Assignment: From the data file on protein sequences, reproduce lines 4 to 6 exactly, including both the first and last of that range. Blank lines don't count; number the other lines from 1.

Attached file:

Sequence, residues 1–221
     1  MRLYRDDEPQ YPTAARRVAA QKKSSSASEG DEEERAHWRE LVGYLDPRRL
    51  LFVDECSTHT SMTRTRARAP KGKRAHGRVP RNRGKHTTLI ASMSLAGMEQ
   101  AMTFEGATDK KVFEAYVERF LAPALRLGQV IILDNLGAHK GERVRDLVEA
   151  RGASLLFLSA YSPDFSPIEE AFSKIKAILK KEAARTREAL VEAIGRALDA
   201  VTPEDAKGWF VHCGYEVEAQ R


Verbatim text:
   101  AMTFEGATDK KVFEAYVERF LAPALRLGQV IILDNLGAHK GERVRDLVEA
   151  RGASLLFLSA YSPDFSPIEE AFSKIKAILK KEAARTREAL VEAIGRALDA
   201  VTPEDAKGWF VHCGYEVEAQ R